In 2011, the creative team of Anne Opotowsky and Aya Morton produced a thick volume entitled “his dream of skyland”. Set in 1950s colonial Hong Kong, the story follows the meandering adventures of the hapless Chinese postal worker, Song. Hopelessly in love with a bemused prostitute and with his bumbling father in jail, Song decides to try to deliver dead letters – correspondence with no proper address, sometimes sitting around in the post office for years, but capable of delivery with some detective work and a glimmer of proactively. Delivering dead letters seems to be an eccentric but harmless preoccupation, but in doing so Song brings both joy and sadness to their various recipients, and comes to navigate the notorious and legendary Walled City of Kowloon. It is a place that recognises no authority and which in the hands of the creative team is imbued with a shadowy personality. The Walled City is like a tiger with a full belly: watchful, and idly dangerous. A helpful and beautifully rendered glossary at the end of the volume assists readers not familiar with Cantonese culture nor British colonialism. It’s an engaging and skilful endeavour, and ideal for readers with an interest in Hong Kong history.
The other title has received much praise including a literary award. Tom Taylor and and James Brouwer are the creative team on a series entitled “The Deep”. The first storyline is entitled “Here Be Dragons” and is a collected work, and the second storyline, “The Vanishing Island”, is currently being published.
Comedian/actor Bill Murray’s work on the 2004 film “The Life Aquatic with Steve Zissou” successfully parodied the 1968-1976 television series, “The Undersea World of Jacques Cousteau”, and underscored just how dated and, yes, even embarrassingly corny with their weighty gravitas those undersea adventure stories from the 60s and 70s were. DC Comics’ title “Sea Devils”, the television show “SeaQuest DSV”, and the oft-maligned DC Comics superhero Aquaman occupy a niche watery genre which, when thought about at all, was regarded to be as passé as teen romance comics.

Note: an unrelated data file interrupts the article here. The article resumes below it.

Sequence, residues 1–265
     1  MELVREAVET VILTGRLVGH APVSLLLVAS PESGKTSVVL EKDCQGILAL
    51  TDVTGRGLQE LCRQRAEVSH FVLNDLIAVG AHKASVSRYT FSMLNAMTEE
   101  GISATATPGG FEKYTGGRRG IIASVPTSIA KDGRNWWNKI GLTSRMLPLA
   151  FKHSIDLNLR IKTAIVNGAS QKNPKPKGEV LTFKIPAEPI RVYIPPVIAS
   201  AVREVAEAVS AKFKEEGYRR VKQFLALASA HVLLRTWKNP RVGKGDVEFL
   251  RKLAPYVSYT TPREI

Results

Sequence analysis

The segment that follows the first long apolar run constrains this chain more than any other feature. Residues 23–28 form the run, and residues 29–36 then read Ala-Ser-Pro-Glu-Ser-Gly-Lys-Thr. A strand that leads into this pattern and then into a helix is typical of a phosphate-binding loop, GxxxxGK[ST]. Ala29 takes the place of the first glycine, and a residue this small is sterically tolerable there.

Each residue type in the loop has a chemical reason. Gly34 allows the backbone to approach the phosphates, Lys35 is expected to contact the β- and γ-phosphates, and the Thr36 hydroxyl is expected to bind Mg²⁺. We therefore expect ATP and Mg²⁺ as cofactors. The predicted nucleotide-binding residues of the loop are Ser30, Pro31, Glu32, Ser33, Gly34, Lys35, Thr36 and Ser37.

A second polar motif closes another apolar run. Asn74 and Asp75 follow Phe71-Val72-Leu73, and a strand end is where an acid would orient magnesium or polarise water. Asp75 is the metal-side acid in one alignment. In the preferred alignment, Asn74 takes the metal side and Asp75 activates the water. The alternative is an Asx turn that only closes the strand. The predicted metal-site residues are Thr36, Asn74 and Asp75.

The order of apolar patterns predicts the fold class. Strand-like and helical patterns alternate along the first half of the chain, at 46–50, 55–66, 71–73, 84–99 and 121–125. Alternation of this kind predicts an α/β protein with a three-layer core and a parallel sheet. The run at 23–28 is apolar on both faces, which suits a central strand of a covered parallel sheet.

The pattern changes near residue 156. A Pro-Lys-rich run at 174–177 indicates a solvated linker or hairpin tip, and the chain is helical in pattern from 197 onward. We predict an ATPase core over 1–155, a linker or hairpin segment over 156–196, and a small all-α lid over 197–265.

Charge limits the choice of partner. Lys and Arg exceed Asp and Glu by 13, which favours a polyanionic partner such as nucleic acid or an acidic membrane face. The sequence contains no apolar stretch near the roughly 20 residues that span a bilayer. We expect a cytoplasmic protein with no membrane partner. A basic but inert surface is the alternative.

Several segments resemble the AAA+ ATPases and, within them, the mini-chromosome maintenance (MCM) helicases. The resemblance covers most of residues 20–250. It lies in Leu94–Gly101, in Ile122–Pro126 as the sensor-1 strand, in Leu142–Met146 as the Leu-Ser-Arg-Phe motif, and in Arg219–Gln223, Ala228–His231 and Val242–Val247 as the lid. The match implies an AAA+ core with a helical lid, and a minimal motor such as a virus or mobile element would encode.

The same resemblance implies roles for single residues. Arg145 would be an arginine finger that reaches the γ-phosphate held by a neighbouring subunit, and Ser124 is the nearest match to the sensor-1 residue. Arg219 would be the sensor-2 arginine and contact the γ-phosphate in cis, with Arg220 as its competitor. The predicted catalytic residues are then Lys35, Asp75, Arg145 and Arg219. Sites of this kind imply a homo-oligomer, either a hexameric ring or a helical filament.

But “The Deep” captures a sense of fun and adventure which seems modern. The main characters, the Nektons, together are a highly educated and well-meaning family of technocratic ocean explorers, and they are black. (Explorers were the rock stars of Victorian England: men like Burton, Speke, Livingston and Gordon brought white man’s enlightenment and Christian justice to deepest Africa. The characters in this series are a world away from that.) The technology in the comic comes across as contemporary. And there is not an ounce of grittiness to the story (other than the silhouette of a whale, partially consumed by a mysterious sea monster which appears every 55 years). It’s a shiny, fun tale of contemporary optimism for all ages.
Melbourne-born Taylor himself is no stranger to comics, and has penned stories for DC, Image and others (perhaps most notably, various Star Wars stories). Brouwer has done work on DC’s Justice League Beyond. The Deep has won an Aurealis Award, and is in the process of being animated by Technicolor (better known for their work on Kung Fu Panda, and Teenage Mutant Ninja Turtles). It’s a work which deserves its success.